Galliford Try’s construction boss has said hitting a 5 per cent profit margin would require a “quantum change” in the industry.
Speaking to Construction News following the group’s full-year results today, Bill Hocking said having the ambition of 5 per cent is “fine”, but believes it is not realistic due to the sector’s fragmented nature.
Balfour Beatty boss Leo Quinn told Construction News last month that anything below 5 per cent in the long term would be unsustainable for the industry. Other senior figures have suggested it is a suitable target.
Galliford Try is aiming for a margin of 2 per cent by 2021 in its construction business, after reporting today a full-year profit margin of -5.9 per cent due to problem legacy contracts. On a pre-exceptional basis the firm’s construction margin was zero.
Mr Hocking said: “We have said 2 per cent [as a margin target] – I aim to better that. My personal goal is closer to 3 per cent.
“But to achieve 5 per cent you’d have to see quite a quantum change in the structure of the industry.”
Mr Hocking pointed to the example of France, where a few big players dominate the market. “Generally there are higher margins [in France] as they consume cash. It keeps the competition up and it’s expensive and difficult to get into the industry. It’s the opposite here.”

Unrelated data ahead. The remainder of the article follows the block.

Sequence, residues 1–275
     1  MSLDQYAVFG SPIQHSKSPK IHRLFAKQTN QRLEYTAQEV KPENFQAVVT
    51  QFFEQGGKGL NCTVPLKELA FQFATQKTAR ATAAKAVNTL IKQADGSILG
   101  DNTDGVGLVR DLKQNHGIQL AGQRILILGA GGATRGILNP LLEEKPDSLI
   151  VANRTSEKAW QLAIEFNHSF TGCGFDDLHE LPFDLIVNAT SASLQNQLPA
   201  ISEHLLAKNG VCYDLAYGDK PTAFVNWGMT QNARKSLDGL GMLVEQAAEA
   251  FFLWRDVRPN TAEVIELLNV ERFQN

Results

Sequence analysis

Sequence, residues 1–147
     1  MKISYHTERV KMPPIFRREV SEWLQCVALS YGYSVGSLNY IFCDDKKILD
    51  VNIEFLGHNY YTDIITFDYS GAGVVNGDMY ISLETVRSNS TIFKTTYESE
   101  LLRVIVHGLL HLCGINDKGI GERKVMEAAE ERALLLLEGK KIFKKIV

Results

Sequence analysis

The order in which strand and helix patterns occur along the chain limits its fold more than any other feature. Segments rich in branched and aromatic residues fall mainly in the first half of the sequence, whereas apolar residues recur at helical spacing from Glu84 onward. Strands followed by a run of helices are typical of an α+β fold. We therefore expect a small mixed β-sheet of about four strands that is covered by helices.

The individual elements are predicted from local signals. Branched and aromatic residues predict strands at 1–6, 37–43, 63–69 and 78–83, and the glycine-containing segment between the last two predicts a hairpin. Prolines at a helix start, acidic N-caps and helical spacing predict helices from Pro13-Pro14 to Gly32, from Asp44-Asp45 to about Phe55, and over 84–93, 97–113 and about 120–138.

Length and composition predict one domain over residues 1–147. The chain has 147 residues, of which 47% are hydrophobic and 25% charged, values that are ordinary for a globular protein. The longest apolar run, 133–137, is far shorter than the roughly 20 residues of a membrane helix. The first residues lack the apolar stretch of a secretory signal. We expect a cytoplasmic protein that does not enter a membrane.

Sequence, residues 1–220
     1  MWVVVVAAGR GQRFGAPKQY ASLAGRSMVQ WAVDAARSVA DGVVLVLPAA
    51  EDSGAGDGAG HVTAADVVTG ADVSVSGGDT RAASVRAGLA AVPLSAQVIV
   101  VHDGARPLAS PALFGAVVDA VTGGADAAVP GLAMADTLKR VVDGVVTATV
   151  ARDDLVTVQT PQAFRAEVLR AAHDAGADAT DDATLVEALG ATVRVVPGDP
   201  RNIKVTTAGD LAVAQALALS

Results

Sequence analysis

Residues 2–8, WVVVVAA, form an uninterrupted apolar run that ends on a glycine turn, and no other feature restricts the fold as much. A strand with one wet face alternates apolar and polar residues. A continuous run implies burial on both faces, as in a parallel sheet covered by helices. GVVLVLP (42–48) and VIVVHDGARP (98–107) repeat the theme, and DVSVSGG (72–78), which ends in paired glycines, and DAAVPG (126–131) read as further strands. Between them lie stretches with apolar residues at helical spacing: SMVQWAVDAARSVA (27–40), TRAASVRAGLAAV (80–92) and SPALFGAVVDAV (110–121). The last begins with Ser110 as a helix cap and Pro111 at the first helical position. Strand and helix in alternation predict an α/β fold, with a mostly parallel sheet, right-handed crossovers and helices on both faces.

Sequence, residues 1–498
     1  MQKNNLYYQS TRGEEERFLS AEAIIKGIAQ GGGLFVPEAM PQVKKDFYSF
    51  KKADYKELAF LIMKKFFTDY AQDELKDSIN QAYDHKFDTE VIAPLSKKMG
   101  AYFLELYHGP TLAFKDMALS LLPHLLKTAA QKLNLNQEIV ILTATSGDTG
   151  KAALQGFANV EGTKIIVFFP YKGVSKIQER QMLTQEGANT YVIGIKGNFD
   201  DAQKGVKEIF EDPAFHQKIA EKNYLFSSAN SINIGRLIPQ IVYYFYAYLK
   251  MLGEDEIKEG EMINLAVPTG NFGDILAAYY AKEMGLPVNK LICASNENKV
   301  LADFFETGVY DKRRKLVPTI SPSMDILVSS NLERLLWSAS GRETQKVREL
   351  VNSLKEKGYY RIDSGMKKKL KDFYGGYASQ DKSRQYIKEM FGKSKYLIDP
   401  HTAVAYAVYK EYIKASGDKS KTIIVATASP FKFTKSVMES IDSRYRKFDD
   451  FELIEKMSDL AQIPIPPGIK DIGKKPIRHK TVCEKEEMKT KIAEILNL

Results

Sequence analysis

Asked whether he expected any major M&A in the sector, Mr Hocking said: “There’s always talk, but I’m not aware of anything like that.”
Galliford has been hit by problems on two big infrastructure projects in Scotland – the Aberdeen Western Peripheral Route project, a JV with Balfour Beatty and Carillion, and the Queensferry Crossing, alongside the Forth Road Bridge. The contracts have cost the firm £98m in exceptional costs, leading to a £90.6m full-year pre-tax loss in its construction division.
Mr Hocking said the plan was for “no more large-lump-sum-fixed price infra projects”.
However he said that it will continue to work on public sector projects such as smart motorways, which are done on an early contract involvement.
“The risk profile is dramatically different and they are far more collaborative,” he said.
On Brexit, Mr Hocking said he had yet to see an exodus of EU workers, but admitted: “As we get closer to Brexit we will see a change in the dynamics of the labour market.”
He called on the government to offer EU workers a longer period of grace after Brexit or potentially introduce “some sort of visa arrangement”.
“The government does need to match off its ambition of new infrastructure to support economic growth with the reality that we need a lot of EU labour to help us to do that.”
On the future of the CITB, he predicted it will survive “if it reforms”.
“I support a reformed, efficient CITB,” he added.